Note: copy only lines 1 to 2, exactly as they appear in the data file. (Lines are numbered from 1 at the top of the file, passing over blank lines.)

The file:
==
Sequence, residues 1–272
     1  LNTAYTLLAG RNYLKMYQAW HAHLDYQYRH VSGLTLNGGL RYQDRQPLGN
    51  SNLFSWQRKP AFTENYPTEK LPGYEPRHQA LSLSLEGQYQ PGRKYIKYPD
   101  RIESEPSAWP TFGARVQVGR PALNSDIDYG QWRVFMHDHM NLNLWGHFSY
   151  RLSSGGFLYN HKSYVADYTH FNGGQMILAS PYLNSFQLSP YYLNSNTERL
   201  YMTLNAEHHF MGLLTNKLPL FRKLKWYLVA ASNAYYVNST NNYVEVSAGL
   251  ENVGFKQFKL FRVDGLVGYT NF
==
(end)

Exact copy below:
Sequence, residues 1–272
     1  LNTAYTLLAG RNYLKMYQAW HAHLDYQYRH VSGLTLNGGL RYQDRQPLGN